ATLANTA — Secretary of State Brad Raffensperger pleaded with Georgians Thursday to turn in their absentee ballots and have “patience” at the polls as the COVID-19 outbreak has forced massive changes to the elections system.

With less than two weeks before the June 9 primary, more than 1.5 million Georgians have requested absentee ballots but only 40% of those voters have returned the ballots to the state while nearly all requested absentee ballots — 90% — have been sent to voters mailboxes, Raffensperger said.

While vote-by-mail has propelled partisan politics, Georgia’s Republican elections chief has maintained a push for as many voters as possible to use the absentee ballot process to reduce risk of coronavirus spread, long lines at polling places and ease the process for disabled voters who must vote in person.

“We have cut through the political rhetoric, ignored the talking heads and put you — the voter — first,” he said during a Thursday press conference. “We have maintained your right to choose in this election. If you want to vote from the safety of your home, you can. If you prefer in-person, you may.”

But early voting hasn’t been without hiccups caused by the pandemic — a number of polling locations across the state have closed and some Fulton County voters are still waiting on ballots after a computer server error caused a backlog of email applications.

Raffensperger said Fulton County elections officials have remedied the backlog, and of the 127,800 absentee ballot requests in the county, 95,000 have been mailed out and 88,540 voters have received them.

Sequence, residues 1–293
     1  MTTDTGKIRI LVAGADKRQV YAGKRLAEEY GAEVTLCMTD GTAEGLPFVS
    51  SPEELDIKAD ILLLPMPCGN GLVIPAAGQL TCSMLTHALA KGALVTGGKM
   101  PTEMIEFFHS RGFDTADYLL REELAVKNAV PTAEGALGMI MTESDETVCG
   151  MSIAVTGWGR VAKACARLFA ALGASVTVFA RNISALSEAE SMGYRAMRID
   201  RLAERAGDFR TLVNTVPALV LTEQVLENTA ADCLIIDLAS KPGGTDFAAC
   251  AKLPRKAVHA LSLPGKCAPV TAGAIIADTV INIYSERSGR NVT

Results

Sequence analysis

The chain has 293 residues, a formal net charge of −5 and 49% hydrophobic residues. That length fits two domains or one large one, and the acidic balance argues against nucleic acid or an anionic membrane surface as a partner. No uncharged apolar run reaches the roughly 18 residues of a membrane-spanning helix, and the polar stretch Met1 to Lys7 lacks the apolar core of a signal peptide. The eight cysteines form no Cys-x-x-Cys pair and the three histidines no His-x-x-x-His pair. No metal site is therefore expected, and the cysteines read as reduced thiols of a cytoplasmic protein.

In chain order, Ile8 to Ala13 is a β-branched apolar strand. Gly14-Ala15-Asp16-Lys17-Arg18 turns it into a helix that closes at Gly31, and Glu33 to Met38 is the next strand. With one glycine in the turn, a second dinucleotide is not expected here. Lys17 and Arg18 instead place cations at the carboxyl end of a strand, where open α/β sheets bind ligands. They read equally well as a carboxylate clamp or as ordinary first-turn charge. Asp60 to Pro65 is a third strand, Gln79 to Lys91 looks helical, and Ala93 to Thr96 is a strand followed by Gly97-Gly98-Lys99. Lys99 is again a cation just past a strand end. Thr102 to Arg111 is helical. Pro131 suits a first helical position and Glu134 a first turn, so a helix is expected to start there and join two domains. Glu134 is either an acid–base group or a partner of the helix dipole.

“I know we’re seeing the reopening moving forward,” Raffensperger said, “but the fact remains that there are still fewer polling places in some counties. ... The COVID threat is still a potential threat to orderly elections and in-person voting.”

Raffensperger asked voters to be patient and said there will be “plenty of time” to vote if they haven’t gotten their ballot yet and implored those who have received a ballot to fill it out and send it back.

The deadline for absentee ballots to be received by election officials is 7 p.m., June 9, but if voters don’t get their ballots in the mail before June 5, he said, they will be “at the mercy of the United State Postal Service.”

Voters can also return their absentee ballots to drop boxes set up in many counties by 7 p.m. election day.

In-person voters face a different kind of election if they choose to show up at the polls.

A 10-person voting line will span 60 feet to follow social distancing guidelines posing the threat of long lines, poll workers will don masks and gloves and 60,000 styluses have been sent out to counties to ensure best sanitation practices.

Elections results may take longer to be released because of the large number of absentee ballots, he said. The state purchased high-speed scanners to deploy to counties with large numbers of absentee ballots to assist in counting on election night.

The state election board also ruled earlier this month that counties are allowed to start handling — but not counting — absentee ballots June 1 to lessen the blow to local election workers.

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